COVID-19 Update April 1, 2020

COVID-19 Update April 1, 2020

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Hello Friends, Jim here.

People seem to be having a little trouble understanding who is at higher risk and who isn’t. 

I guess it’s important to point out that we are ALL AT RISK of the coronavirus which is why keeping up precautions is vital. But the people who are at HIGHER RISK are people whose immune system is not strong enough to protect against infection. Those people include:

  • People aged 65 years and older
  • People who live in a nursing home or long-term care facility

People of all ages with underlying medical conditions, particularly if not well controlled, including:

  • People with chronic lung disease or moderate to severe asthma
  • People who have serious heart conditions
  • People who are immunocompromised
    • Many conditions can cause a person to be immunocompromised, including cancer treatment, smoking, bone marrow or organ transplantation, immune deficiencies, poorly controlled HIV or AIDS, and prolonged use of corticosteroids and other immune weakening medications
  • People with severe obesity (body mass index [BMI] of 40 or higher)
  • People with diabetes
  • People with chronic kidney disease undergoing dialysis
  • People with liver disease

You may not be one of these, but you love one of these, or may be a neighbor to one of these. 

So keep up Social Distancing, and wash your hands and surfaces often. When you shop, be aware of what you touch, and do not touch your face. Be safe out there.



Can vitamin D help strengthen your immune system?

Vitamin D and the Immune System (2012)

Aranow, C;J Investig Med. 2011 Aug; 59(6): 881–886.


“Vitamin D has important functions beyond those of calcium and bone homeostasis which include modulation of the innate and adaptive immune responses. Vitamin D deficiency is prevalent in autoimmune disease. Cells of the immune system are capable of synthesizing and responding to vitamin D. Immune cells in autoimmune diseases are responsive to the ameliorative effects of vitamin D suggesting that the beneficial effects of supplementing vitamin D deficient individuals with autoimmune disease may extend beyond effects on bone and calcium homeostasis.”


The news is finally addressing the immunocompromised

U.S.News and World Report


“If you have an autoimmune condition, Roberts suggests these steps:

  • Discuss your individual medication regimen with your rheumatologist. “Sometimes it could perhaps be trimmed a bit,” Roberts says.” Drug holidays of one or more medications may be recommended,” he says, “particularly if you have another condition that may weaken your immune system, such as chronic obstructive pulmonary disease (COPD), diabetes or sickle cell disease.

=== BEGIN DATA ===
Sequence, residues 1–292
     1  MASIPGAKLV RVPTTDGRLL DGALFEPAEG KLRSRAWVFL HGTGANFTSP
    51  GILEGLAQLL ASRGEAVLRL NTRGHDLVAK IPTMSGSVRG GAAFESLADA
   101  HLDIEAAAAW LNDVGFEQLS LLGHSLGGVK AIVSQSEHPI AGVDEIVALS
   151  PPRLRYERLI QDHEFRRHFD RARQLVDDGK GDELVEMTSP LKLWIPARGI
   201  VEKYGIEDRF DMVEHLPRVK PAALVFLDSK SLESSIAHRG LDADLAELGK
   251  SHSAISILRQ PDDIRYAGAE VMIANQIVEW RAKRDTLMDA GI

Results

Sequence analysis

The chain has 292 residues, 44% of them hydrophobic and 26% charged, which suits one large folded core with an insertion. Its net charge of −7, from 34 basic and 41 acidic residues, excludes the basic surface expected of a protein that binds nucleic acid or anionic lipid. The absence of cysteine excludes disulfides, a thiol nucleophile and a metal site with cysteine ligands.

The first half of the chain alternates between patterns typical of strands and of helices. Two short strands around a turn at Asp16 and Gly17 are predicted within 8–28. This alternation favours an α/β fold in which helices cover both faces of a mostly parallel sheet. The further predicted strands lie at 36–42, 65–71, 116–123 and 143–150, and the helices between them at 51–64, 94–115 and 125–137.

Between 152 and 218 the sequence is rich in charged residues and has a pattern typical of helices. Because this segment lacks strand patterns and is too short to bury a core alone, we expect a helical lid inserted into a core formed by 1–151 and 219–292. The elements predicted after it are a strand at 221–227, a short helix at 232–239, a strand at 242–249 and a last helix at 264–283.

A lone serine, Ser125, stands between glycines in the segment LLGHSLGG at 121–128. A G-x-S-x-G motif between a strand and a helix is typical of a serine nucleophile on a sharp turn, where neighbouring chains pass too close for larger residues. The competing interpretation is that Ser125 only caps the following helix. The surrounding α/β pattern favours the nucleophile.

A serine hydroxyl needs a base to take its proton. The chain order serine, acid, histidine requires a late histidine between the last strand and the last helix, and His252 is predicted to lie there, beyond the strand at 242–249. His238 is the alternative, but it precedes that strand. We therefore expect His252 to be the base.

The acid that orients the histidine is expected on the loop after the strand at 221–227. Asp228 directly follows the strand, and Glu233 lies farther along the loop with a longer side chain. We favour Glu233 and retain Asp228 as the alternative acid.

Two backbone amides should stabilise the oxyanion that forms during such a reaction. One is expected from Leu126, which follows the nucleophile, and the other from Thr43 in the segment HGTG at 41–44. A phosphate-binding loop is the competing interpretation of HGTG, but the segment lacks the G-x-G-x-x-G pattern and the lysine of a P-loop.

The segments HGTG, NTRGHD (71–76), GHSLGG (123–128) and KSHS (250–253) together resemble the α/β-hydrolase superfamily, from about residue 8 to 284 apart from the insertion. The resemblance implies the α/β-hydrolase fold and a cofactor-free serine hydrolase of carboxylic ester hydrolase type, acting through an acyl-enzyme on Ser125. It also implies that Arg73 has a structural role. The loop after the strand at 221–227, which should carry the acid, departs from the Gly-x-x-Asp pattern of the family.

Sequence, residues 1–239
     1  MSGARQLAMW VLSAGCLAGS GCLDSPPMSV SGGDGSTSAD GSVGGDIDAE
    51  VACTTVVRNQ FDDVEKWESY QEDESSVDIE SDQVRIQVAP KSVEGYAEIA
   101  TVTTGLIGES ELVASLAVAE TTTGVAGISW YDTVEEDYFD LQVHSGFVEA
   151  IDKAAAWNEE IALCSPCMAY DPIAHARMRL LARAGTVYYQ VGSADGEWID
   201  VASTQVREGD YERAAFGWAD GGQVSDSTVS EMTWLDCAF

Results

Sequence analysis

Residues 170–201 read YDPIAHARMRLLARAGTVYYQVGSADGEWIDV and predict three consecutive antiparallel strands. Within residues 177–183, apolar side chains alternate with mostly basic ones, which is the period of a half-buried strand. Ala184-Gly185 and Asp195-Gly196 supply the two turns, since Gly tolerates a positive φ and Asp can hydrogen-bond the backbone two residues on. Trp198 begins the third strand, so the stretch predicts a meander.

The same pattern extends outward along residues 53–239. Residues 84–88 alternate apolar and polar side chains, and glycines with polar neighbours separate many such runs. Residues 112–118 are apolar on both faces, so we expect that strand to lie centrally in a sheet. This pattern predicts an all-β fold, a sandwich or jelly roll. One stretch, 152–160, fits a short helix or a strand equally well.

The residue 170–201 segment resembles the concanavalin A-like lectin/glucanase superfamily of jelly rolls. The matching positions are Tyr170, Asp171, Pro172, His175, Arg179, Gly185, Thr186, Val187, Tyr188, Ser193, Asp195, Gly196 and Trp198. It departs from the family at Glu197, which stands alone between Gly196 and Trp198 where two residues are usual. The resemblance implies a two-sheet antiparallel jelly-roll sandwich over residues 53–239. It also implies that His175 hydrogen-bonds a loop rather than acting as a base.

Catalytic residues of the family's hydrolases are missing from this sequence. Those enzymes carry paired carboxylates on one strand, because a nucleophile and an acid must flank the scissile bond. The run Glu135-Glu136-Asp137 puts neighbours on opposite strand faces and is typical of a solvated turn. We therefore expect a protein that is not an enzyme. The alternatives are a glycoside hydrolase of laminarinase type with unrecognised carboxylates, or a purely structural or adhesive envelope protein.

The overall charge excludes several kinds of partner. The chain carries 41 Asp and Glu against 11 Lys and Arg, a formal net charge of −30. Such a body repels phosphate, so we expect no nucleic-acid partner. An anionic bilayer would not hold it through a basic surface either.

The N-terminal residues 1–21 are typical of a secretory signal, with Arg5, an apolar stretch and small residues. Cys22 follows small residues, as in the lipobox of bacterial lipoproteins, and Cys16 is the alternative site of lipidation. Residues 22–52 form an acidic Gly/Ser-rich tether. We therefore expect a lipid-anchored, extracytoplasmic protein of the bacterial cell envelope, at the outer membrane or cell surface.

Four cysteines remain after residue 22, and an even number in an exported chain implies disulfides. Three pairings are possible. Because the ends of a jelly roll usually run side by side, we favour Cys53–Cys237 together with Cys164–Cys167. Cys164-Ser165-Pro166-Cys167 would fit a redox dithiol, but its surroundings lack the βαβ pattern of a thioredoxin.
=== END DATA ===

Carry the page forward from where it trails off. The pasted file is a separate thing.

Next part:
• If you’re describing possible COVID-19 symptoms to other health care providers who are less familiar with your medical history – like emergency room physicians – let them know that you are on medications that might be suppressing your immune system. “Sometimes that is overlooked and not brought into the equation in terms of how to treat patients, whether to hospitalize and what medications to give,” Roberts notes.
  • Follow COVID-19 prevention recommendations from the CDC, which address hand-washing, social distancing, sheltering at home, respiratory etiquette and self-isolation or self-quarantine when appropriate.”


The Washington Post

New CDC data shows danger of coronavirus for those with diabetes, heart or lung disease, other chronic conditions


“The report reinforces a critically important lesson: Although the disease is typically more severe among older people, people of any age with underlying medical conditions are at increased risk if they contract the virus, for which there is no vaccine or approved drug treatment.

The report shows covid-19 is thrusting vulnerable people in the United States into intensive care units and disproportionately taking the lives of people who already face medical challenges.”


The CDC have updated their guidelines

Updated Information from the CDC on “People Who Are At Higher Risk for Severe Illness”

The CDC also has up-to-date information on the risk to pregnant women and unsheltered homeless persons

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This information has been compiled by Jim Sliney Jr, RMA from University of California San FranciscoMedlinePlus.govDisability-Benefits-Help.orgNational Institutes of Health. This information is not medical advice.

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